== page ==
Journal Articles

Induction of Lung Cancer Cell Apoptosis through a p53 Pathway by [6]-Shogaol and Its Cysteine-Conjugated Metabolite M2

February 12, 2014

Induction of Lung Cancer Cell Apoptosis through a p53 Pathway by [6]-Shogaol and Its Cysteine-Conjugated Metabolite M2Journal of Agricultural Food Chemistry. January 30, 2014. Epub ahead of print. Warin RF, Chen H, Soroka DN, Zhu Y, Sang S.

Center for Excellence in Post-Harvest Technologies, North Carolina Agricultural and Technical State University, North Carolina Research Campus

Abstract

Dietary chemoprevention of cancer offers the possibility to suppress or inhibit cancer growth before it develops into more advanced and lethal stages. To this end, identification of novel compounds and their mechanisms of action is constantly needed. In this study, we describe that a major component of dry ginger (Zingiber officinalis), [6]-shogaol (6S), can be quickly metabolized in A549 human lung cancer cell line. One of the resulting metabolites, the cysteine-conjugated 6S (M2), exhibits toxicity to cancer cells similar to the parent compound 6S, but is relatively less toxic toward normal cells than 6S. We further demonstrate that both compounds can cause cancer cell death by activating the mitochondrial apoptotic pathway. Our results show that the cancer cell toxicity is initiated by early modulation of glutathione (GSH) intracellular content. The subsequently generated oxidative stress activates a p53 pathway that ultimately leads to the release of mitochondria-associated apoptotic molecules such as cytochrome C, and cleaved caspases 3 and 9. In a xenograft nude mouse model, a dose of 30 mg/kg of 6S or M2 was able to significantly decrease tumor burden, without any associated toxicity to the animals. This effect was correlated with an induction of apoptosis and reduction of cell proliferation in the tumor tissues. Taken together, our results show that 6S metabolism is an integral part of its anticancer activities in vitro and in vivo. This allows us to characterize M2 as a novel compound with superior in vivo chemopreventive properties that targets similar anticancer mechanisms as 6S.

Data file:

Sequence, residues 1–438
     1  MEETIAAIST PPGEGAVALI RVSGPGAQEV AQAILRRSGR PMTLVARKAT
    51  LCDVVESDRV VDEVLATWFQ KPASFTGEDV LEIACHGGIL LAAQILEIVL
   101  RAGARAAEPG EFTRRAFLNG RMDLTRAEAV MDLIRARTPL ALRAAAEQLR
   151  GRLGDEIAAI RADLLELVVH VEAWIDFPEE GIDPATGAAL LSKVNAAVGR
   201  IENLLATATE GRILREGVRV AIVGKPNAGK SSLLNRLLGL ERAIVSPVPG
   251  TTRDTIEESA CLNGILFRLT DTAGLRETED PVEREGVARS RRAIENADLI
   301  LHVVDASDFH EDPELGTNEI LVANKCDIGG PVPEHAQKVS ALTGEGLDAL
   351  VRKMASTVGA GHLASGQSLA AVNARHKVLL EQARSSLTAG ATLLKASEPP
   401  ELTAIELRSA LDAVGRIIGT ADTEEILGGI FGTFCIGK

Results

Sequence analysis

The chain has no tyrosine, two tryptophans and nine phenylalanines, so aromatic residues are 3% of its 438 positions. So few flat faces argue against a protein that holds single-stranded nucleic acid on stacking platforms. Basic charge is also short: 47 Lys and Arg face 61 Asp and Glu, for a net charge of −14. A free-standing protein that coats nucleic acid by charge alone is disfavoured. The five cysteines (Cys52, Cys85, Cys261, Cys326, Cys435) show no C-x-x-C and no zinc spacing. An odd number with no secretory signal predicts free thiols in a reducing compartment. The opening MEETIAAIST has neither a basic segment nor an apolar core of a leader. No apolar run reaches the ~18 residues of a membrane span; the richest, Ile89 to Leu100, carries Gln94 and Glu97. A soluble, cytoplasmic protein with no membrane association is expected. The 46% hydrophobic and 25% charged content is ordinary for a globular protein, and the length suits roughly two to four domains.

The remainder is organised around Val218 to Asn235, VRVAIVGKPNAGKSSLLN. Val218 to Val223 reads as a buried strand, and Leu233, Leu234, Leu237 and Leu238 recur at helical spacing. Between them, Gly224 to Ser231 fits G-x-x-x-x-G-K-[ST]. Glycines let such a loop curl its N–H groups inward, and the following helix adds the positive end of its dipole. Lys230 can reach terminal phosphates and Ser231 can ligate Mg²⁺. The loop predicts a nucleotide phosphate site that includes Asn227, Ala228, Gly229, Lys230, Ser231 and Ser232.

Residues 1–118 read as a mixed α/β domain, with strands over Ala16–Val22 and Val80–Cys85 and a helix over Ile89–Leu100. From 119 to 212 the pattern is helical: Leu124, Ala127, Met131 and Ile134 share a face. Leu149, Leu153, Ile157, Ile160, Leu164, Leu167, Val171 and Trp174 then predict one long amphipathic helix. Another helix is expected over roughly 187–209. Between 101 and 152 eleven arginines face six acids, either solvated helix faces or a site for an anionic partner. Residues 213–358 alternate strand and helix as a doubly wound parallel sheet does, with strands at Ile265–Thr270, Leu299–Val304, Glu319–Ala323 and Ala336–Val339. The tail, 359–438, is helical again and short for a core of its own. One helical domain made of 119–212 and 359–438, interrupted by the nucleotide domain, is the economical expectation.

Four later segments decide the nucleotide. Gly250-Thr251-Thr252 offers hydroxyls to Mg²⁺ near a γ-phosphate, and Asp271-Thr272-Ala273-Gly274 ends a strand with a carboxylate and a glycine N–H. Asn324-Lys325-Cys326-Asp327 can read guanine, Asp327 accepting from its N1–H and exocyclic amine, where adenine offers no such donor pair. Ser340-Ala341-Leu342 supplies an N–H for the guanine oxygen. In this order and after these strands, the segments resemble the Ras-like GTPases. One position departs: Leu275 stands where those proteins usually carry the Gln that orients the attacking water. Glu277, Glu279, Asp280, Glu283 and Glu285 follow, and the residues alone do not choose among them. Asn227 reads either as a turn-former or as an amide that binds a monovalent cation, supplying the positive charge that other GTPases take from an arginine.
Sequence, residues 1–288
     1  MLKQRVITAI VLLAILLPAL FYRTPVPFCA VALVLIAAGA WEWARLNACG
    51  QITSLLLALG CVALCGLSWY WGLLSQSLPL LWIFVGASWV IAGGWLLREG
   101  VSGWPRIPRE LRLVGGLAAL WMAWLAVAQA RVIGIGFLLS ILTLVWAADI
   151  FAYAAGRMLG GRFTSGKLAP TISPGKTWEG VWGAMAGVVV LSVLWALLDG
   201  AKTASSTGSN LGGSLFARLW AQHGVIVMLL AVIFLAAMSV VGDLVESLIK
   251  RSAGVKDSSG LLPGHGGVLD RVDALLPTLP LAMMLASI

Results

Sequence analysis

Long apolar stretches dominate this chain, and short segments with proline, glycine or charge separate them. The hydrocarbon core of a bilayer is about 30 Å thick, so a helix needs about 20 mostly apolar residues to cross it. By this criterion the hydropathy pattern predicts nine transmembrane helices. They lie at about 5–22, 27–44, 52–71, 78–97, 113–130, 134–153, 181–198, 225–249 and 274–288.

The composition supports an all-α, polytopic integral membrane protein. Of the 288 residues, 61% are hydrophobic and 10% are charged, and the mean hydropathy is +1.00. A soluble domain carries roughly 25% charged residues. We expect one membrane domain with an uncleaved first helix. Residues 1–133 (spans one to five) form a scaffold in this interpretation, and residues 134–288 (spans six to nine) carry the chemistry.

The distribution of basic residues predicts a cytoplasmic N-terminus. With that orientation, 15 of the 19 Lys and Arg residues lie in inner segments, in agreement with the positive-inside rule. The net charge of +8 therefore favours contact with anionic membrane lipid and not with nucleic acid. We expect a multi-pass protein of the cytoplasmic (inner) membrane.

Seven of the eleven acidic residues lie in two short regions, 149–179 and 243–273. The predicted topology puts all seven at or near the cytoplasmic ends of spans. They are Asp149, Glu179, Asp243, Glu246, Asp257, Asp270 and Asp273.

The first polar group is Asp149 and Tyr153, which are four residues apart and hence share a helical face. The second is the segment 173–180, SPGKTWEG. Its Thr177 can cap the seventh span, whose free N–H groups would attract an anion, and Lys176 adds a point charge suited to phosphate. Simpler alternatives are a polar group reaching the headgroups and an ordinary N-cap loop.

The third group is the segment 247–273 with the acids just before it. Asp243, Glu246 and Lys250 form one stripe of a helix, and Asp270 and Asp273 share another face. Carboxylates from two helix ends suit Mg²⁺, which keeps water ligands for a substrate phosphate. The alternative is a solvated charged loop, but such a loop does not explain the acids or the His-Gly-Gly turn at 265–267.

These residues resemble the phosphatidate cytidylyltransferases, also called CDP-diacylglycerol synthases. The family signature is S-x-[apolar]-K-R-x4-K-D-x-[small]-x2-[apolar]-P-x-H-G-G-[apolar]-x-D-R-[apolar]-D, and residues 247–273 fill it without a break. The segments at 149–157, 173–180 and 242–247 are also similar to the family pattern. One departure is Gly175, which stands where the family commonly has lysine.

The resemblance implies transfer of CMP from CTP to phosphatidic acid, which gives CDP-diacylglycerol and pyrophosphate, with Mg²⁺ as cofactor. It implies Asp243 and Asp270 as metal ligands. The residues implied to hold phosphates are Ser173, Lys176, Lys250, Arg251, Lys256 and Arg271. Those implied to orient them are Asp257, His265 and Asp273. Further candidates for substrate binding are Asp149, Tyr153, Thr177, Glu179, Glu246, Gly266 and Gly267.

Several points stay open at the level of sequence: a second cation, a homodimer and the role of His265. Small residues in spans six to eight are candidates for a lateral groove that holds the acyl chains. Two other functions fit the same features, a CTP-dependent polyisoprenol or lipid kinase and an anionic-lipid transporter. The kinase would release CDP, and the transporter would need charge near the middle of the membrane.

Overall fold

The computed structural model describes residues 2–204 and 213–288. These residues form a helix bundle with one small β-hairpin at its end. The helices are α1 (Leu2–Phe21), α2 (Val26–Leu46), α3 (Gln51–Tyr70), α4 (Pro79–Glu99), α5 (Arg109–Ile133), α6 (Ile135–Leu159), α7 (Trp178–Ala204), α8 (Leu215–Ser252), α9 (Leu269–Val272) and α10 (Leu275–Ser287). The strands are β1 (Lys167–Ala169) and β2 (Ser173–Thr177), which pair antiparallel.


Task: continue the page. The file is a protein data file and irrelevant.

PMID:
24446736
[PubMed – in process]

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